PHILADELPHIA -- Roy Halladay's stint on the disabled list is going to cost him more than six to eight weeks.
It seems likely to cost him his $20 million vesting option in 2014.
Halladay agreed to a club-friendly, three-year, $60 million contract extension from the Phillies before they acquired him from the Toronto Blue Jays in December 2009. The deal included a $20 million vesting option for 2014 that was not easy to reach even before he got hurt. The option says Halladay must reach each of the following criteria: throw 415 innings in 2012-13, 225 innings in 2013 and not finish 2013 on the disabled list.
Missing up to two months this season will make it extremely difficult to hit the 415-inning mark.
Halladay threw a career-high 266 innings for the Blue Jays in 2003. If he hit that mark next season -- unlikely considering he will be 36 -- he would have to throw 149 innings this season. He has thrown 72 1/3 innings so far.
Of course, that does not preclude the Phils and Halladay from working out an agreement to keep him in a Phillies uniform beyond 2013, if they choose. But because of the injury, Halladay might become a free agent a year earlier than expected.
Phils could go college route early in Draft
PHILADELPHIA -- Since the Phillies selected Pat Burrell with the first pick in the 1998 First-Year Player Draft, they have used 11 of their next 13 selections in the first and supplemental rounds on high school players.
Just two players attended college: Chase Utley (2000) and Joe Savery (2007).
But because the Phillies are without a first-round selection in this year's Draft, they might lean toward a more polished college player. The Phillies pick 40th and 54th overall.
Live coverage of the 2012 First-Year Player Draft begins with a one-hour preview show on Monday at 6 p.m. ET on MLB.com and MLB Network, followed by the first round and supplemental compensation round.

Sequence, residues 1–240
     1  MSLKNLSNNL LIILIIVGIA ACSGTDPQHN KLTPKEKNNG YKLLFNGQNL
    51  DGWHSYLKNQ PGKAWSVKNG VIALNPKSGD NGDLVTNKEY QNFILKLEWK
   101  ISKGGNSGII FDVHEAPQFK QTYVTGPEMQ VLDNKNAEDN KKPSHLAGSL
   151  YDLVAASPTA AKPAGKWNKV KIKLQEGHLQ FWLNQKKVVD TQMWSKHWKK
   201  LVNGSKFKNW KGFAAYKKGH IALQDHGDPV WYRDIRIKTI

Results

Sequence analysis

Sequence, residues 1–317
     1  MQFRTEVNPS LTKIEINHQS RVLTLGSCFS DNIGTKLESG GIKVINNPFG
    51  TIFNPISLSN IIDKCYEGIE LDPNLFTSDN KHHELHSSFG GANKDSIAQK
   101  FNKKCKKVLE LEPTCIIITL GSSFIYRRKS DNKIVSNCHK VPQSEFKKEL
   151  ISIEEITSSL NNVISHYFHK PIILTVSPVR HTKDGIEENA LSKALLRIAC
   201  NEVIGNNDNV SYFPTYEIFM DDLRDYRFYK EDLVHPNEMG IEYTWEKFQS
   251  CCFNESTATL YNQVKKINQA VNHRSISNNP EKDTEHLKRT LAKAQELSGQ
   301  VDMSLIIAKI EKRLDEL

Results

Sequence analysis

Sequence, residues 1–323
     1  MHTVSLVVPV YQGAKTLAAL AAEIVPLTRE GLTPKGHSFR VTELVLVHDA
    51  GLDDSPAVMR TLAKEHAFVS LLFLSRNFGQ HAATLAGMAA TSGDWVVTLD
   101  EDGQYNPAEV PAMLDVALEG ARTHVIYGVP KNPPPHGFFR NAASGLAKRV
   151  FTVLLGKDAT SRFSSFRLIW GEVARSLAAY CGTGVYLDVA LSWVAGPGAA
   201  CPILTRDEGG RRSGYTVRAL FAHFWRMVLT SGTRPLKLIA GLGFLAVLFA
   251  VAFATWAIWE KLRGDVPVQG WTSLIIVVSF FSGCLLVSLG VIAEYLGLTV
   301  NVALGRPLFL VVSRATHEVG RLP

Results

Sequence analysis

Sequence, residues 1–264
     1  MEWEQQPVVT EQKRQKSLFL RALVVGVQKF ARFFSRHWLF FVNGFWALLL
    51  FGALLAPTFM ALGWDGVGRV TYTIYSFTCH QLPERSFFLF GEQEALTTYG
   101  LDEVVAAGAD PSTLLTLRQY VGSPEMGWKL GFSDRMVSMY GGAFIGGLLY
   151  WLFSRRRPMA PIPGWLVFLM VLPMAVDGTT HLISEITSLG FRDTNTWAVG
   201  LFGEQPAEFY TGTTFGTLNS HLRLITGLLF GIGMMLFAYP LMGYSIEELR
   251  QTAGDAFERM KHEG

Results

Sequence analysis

"We'd like to get some more offensive players," Phillies assistant general manager of amateur scouting Marti Wolever said. "We did a pretty good job of that last year. It's always about balance for me. Everyone always says, 'Marti, you're a high-ceiling guy.' I certainly am. But on the flip side, you forget about a lot of guys over the years, from Jason Donald ... college guys that are a little further along and may not have quite the ceiling as the high school guys do, but they're going to be good Major League players. That's how we look at it.
"We've been here since Monday when we started the [pre-Draft] meetings. We tried to identify some weaknesses in the organization, depth-wise. We like to have a little bit of everything. But I would like offensive players. There are a couple kids we've targeted. If they're there and it's a fit, we'll look there first. If not, we'll probably go to the pitching board and see what we can find there."
As expected, the Phillies activated right-hander Vance Worley from the 15-day disabled list. He will start Monday's series opener against the Dodgers at Citizens Bank Park. The Phillies optioned catcher Erik Kratz to Triple-A Lehigh Valley to make room for Worley on the roster.
Hector Luna hit cleanup Sunday. It was the first time in his career he batted fourth. In the previous 176 games he had started in his big league career, Luna hit third once and fifth twice. He mostly hit eighth (68), seventh (55) and sixth (29).
Outfielder Juan Pierre needed to score one run to reach 1,000 for his career. Once he does, Elias Sports Bureau said he will be the 30th player in baseball history to have 1,000 runs, 2,000 hits and 500 stolen bases.
Todd Zolecki is a reporter for MLB.com. This story was not subject to the approval of Major League Baseball or its clubs.